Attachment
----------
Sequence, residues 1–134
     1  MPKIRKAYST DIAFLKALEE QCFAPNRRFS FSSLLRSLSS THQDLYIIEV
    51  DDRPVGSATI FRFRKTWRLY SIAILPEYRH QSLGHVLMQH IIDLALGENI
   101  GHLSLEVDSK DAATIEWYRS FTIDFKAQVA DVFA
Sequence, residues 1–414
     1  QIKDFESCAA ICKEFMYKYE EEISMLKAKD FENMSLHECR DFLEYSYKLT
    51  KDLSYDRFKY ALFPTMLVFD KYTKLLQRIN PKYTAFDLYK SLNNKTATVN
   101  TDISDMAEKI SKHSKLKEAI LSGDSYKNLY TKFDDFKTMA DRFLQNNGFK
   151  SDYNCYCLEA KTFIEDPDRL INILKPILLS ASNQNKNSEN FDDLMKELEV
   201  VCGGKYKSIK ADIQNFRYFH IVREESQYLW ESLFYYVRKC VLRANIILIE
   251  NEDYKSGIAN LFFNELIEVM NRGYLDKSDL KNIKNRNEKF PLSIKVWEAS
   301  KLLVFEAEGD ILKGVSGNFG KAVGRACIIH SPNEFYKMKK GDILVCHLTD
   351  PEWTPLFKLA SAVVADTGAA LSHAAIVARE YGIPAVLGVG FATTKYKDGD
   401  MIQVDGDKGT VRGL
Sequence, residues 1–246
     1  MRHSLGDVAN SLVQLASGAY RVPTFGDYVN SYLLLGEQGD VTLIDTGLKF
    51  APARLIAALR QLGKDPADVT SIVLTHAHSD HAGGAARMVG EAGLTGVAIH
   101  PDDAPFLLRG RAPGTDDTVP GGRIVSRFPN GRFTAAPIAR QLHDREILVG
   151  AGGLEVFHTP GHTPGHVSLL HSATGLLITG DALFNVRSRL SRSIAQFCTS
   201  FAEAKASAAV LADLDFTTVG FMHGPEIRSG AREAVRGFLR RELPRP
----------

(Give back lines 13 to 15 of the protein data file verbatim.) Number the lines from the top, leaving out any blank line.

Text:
   351  PEWTPLFKLA SAVVADTGAA LSHAAIVARE YGIPAVLGVG FATTKYKDGD
   401  MIQVDGDKGT VRGL
Sequence, residues 1–246